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Combat America -- A documentary recounting the experiences of the 351st Bombardment Group of the U.S. Army Air Forces, based in England during the Second World War .

Overview

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A documentary recounting the experiences of the 351st Bombardment Group of the U.S. Army Air Forces... See more » | Add synopsis »
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War Time Morale Builder. See more (3 total) »

Cast

  (in credits order) (complete, awaiting verification)

Clark Gable ... Himself / Narrator
William A. Hatcher ... Himself / Commanding General
Philip J. Hulls ... Himself / Top Turret Gunner
Kenneth L. Hulls ... Himself / Ball Turret Gunner
Theodore R. Geropolis ... Himself / Pilot
Daniel F. Stevens ... Himself / Bombardier
Paul J. Posti ... Himself / Ball Turret Gunner
Tim Tuchet ... Himself / Tailgunner
Henry H. Arnold ... Himself / Commander, U.S. Army Air Forces (as H.H. Arnold)
Ace Akins ... Himself
Pete Provenzale ... Himself

Bob Hope ... Himself
Jack Pepper ... Himself

Frances Langford ... Herself
Tony Romano ... Himself
rest of cast listed alphabetically:
Robert Wallace ... Himself / Pilot

Writing credits
(in alphabetical order)
John Lee Mahin 

Produced by
Clark Gable .... producer (as Major Clark Gable)
 
Original Music by
Herbert Stothart (uncredited)
 
Cinematography by
Robert Boles 
Andrew J. McIntyre 
Merlin Toti 
 
Sound Department
Howard Voss .... sound
 

Production CompaniesDistributors

Additional Details

Runtime:
62 min
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Language:
Color:
Color (Technicolor)
Aspect Ratio:
1.37 : 1 See more »
Sound Mix:

Did You Know?

Trivia:
Clark Gable joined the US Army Air Force after his wife, actress Carole Lombard, died in a plane crash while she was on a nationwide tour selling war bonds. Gable was commissioned a lieutenant, and was later promoted through the ranks to major. A bomber pilot, he was awarded the Distinguished Flying Cross and the Air Medal for leading five bombing missions over Germany.See more »
Quotes:
Clark Gable:Long trails of magnificent treachery. Clark Gable, describing the contrails left by the B-17s, showing their locations to the Luftwaffe fighters.See more »

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1 out of 1 people found the following review useful.
War Time Morale Builder., 12 May 2012
Author: Robert J. Maxwell (rmax304823@yahoo.com) from Deming, New Mexico, USA

Andy Rooney met Clark Gable in England while Gable was in the Eighth Air Force. Rooney described him as smiling, friendly, and impeccably dressed in tailored officer's pinks. He looked as if he'd just stepped out of a poster. And why not? Gable didn't have to serve but enlisted anyway. He flew only five missions but on one of them, two of his crew were killed. And who would the public rather look at -- a cinematic icon in a tailored uniform or some grease monkey in olive drab? The moguls in Hollywood were wringing their hands over the prospect of their Number One screen idol being shot down and Gable was finally discharged in 1944.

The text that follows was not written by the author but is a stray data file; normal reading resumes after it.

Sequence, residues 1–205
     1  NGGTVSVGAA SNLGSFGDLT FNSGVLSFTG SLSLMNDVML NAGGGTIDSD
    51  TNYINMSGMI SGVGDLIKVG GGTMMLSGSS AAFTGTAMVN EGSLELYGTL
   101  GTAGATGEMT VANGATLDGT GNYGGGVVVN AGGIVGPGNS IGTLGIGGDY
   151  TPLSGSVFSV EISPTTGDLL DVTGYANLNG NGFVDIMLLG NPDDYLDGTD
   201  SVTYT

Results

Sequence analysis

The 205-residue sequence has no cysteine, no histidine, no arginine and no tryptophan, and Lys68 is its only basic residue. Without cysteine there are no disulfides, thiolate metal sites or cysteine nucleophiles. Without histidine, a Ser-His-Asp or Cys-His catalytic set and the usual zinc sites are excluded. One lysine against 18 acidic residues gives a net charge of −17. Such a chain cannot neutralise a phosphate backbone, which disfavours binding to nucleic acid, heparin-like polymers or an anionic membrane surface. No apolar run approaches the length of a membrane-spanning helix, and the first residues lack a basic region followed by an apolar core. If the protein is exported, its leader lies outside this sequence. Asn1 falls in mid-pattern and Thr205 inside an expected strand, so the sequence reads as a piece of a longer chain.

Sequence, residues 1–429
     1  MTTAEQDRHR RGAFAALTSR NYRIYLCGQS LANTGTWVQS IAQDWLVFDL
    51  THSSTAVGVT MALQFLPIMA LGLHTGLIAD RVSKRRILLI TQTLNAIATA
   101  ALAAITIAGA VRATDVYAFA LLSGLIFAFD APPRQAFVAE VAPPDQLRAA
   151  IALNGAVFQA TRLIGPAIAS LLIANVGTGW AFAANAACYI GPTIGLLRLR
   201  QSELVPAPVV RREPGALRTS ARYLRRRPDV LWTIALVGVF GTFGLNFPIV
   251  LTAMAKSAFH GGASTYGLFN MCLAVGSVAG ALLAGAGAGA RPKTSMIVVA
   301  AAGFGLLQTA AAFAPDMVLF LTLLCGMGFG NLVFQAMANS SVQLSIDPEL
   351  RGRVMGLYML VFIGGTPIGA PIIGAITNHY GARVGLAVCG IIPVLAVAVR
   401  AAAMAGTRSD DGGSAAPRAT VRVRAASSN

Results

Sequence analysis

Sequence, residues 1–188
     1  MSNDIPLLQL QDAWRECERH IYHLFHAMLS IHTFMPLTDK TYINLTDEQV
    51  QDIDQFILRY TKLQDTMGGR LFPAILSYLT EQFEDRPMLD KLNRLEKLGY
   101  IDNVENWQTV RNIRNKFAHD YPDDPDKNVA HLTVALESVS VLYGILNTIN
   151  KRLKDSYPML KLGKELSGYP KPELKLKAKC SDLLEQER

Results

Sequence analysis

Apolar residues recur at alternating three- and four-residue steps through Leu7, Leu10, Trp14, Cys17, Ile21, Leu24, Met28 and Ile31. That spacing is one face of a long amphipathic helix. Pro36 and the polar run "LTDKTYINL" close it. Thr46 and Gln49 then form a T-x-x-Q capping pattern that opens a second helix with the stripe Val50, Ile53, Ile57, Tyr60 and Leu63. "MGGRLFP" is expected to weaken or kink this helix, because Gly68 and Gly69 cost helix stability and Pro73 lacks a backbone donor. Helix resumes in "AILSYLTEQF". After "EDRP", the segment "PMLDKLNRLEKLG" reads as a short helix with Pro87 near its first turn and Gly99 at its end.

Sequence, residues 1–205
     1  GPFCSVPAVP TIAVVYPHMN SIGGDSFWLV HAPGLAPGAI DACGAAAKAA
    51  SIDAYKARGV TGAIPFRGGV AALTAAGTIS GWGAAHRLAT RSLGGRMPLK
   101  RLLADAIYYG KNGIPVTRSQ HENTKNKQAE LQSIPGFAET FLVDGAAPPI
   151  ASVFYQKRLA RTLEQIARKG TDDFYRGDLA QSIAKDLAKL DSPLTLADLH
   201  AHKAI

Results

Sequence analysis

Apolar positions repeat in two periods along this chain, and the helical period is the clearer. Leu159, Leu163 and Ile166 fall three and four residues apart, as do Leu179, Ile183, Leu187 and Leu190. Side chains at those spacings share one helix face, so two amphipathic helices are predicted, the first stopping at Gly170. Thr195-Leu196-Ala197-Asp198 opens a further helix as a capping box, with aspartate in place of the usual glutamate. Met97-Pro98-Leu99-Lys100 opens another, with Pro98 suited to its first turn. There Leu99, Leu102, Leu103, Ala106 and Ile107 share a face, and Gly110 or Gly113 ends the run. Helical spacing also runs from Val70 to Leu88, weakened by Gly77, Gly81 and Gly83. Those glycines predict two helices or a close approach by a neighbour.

He narrates this documentary of the group he served with, the 351st bomb group, consisting of a few dozen B-17s, and he appears on screen once in a while, bantering with the gunners and so forth. Gable was part of a six-man motion picture unit. The writer was John Lee Mahin, a veteran of the old school and a man with an all-encompassing sense of humor. Everyone should read his satire of James Joyce's "Ulysses," focusing on movie production. (Last sentence: "Yes, yes. But on a higher plane." Something like that.

It's not possible to watch this film without comparing it to William Wyler's similar "Memphis Belle," and the latter is far less hokey. Mahin seems to have been writing less to inform the public about the operations of the 8th Air Force and more to reassure the good folk back in Martinsville, Indiana, that we were dishing out more than we were taking, and that our boys were going to church regularly and visiting museums in England. "Men, that church is more than 900 years old," says Gable's voice, and we see the men remove their caps as they stare at it.

The combat footage is reserved for the climactic last ten minutes and it's exciting, if a bit more confused that that of "Memphis Belle." Of course any film about warfare -- and about strategic bombing in particular -- raises questions no one really wants to face. Questions such as: Exactly who is under those bombs? The post-war Strategic Bombing Survey asked questions like that and the results were far from comforting. As a means of settling differences, people killing other people is a disadvantage from the point of view of the species, that is Homo sapiens.

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